Even though the table’s data has been migrated to a remote Azure SQL Database, the end users or applications can continue using the table the way they had been (of course with no change in the way to access it). SQL Server internally creates the execution plan with remote query processing (Remote Query Operator) to pull data from the remote table transparently, as shown in the figure below.
Of course querying a remote table will have latency compared to querying a local table but a remote table is supposed to contain historical or cold data, which are rarely queried.
select top 100 * from SalesOrderDetailHistory
Figure 10 - Analyzing Remote Query operation in use
Using T-SQL Script
So far, we looked at using the wizard provided in SQL Server Management Studio (SSMS) to enable the StretchDB feature but you can also use T-SQL scripting to do it as well, as shown in the script below:
--Enabling StretchDB feature on SQL Server instance EXEC sp_configure 'remote data archive'; GO EXEC sp_configure 'remote data archive', '1'; GO RECONFIGURE; GO --Create master to encrypt and secure credential and connection information CREATE MASTER KEY ENCRYPTION BY PASSWORD = '<password to encrypt master key>' --Create credential to connect to remote Azure SQL Database CREATE DATABASE SCOPED CREDENTIAL [<Azure SQL Server Name>.database.windows.net] WITH IDENTITY = '<Server Admin Name>', -- sysadmin user name for the SQL Database server SECRET = '<Server Admin Password>' -- sysadmin password for the SQL Database server GO ALTER DATABASE [StretchDBDemo] SET REMOTE_DATA_ARCHIVE = ON ( SERVER = N'<Azure SQL Server Name>.database.windows.net', CREDENTIAL = [<Azure SQL Server Name>.database.windows.net] ) GO --Enable remote data archival for a table ALTER TABLE [dbo].[SalesOrderDetailHistory] SET(REMOTE_DATA_ARCHIVE = ON (MIGRATION_STATE = ON)) GO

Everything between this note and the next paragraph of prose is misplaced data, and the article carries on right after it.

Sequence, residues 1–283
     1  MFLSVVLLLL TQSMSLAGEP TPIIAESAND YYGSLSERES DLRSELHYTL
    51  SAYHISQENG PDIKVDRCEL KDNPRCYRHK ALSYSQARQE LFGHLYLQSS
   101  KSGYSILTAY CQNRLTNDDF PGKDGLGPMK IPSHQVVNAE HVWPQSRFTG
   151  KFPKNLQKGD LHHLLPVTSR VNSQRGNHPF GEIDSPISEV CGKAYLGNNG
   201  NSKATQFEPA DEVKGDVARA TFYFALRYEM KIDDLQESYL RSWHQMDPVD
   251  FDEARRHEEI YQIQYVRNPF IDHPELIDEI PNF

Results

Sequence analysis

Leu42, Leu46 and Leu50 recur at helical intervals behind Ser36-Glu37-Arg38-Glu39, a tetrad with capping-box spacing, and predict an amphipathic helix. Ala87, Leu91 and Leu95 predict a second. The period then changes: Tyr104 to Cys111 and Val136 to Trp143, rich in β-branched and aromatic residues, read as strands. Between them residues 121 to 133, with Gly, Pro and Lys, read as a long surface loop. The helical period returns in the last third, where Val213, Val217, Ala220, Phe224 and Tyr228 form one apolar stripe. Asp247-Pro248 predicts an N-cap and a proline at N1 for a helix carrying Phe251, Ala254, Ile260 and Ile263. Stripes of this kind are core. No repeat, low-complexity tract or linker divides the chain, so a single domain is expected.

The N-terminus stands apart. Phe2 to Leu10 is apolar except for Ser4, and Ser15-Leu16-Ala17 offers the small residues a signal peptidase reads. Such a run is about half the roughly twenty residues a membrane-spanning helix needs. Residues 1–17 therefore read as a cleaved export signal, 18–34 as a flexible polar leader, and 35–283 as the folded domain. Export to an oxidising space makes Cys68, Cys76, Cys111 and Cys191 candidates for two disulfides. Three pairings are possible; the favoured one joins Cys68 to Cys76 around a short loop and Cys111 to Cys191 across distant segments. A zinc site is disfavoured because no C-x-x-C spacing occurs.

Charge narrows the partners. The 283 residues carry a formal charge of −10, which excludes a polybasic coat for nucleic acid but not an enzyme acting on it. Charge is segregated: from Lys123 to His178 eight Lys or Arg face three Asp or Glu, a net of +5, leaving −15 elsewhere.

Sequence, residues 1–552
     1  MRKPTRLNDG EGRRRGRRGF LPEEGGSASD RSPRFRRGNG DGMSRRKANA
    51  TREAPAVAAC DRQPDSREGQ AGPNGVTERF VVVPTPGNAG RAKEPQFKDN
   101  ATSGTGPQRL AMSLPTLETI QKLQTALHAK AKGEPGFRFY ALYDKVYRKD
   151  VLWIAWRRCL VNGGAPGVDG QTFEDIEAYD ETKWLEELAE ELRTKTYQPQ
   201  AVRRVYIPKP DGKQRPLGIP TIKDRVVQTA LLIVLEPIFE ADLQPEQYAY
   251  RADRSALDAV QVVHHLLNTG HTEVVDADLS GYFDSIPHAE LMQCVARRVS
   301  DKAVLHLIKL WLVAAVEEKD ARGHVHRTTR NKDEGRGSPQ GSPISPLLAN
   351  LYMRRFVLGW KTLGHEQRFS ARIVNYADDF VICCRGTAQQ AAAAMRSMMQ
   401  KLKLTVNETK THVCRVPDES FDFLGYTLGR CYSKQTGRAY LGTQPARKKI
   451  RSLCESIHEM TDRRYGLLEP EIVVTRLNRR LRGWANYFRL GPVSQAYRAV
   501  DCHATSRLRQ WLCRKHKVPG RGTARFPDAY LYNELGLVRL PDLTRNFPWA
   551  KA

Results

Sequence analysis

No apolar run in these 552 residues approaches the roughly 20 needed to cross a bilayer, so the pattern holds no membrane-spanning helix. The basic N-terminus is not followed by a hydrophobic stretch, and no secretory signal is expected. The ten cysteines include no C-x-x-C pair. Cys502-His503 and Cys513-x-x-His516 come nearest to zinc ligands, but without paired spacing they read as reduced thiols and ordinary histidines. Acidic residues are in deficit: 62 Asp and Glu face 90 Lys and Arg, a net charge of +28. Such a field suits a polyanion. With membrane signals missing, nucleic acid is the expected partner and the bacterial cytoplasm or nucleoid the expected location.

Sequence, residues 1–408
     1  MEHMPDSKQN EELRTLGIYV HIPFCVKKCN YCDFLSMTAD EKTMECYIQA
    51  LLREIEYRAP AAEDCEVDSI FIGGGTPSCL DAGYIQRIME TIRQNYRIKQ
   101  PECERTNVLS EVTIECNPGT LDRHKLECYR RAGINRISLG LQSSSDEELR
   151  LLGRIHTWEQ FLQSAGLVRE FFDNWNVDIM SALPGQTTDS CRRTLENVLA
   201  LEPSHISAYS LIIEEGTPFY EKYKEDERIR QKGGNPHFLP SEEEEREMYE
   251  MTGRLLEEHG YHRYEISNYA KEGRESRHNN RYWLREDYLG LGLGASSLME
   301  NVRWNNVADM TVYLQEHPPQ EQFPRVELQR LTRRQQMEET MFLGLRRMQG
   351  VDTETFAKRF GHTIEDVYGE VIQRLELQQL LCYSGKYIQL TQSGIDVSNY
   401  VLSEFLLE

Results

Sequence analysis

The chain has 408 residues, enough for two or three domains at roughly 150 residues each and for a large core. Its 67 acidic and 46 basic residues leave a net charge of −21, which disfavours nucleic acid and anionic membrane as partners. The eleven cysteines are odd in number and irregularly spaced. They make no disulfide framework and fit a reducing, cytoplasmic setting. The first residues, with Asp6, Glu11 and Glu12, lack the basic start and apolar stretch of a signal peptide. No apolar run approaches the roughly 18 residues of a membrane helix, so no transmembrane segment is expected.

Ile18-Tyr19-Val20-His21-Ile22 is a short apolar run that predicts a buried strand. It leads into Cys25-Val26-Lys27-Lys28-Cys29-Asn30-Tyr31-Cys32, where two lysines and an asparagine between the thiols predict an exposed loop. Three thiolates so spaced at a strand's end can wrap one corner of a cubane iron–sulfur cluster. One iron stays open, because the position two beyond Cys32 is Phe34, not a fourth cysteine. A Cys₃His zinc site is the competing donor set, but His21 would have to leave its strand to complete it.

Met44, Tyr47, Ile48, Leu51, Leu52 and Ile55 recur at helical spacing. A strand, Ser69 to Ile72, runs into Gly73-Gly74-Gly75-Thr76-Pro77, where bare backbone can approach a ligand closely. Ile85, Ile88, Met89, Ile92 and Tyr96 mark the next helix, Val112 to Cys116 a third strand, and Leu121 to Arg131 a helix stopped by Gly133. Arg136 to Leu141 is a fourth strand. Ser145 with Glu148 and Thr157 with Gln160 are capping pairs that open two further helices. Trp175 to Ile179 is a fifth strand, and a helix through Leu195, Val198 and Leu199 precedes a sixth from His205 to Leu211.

Note – The feature mentioned and demonstrated in this article is based on SQL Server 2016 CTP 2.4 and might change when RTM is available or in future releases.
Stretch Database is a new feature in SQL Server 2016, which lets you move or archive your cold data from a local SQL Server database to the Azure SQL Database transparently (without writing code for data movement) so that your local SQL Server database has less maintenance overhead (and hence increases the overall performance) and the same time, stretched data is online allowing applications to access it like any other table.
In this article of this series, we learned how to get started with this new feature either by using SSMS or using T-SQL scripting. In the next article of this series, I am going to explain and demonstrate its impact on backup and restore, plus ways to pause and resume and disable this feature.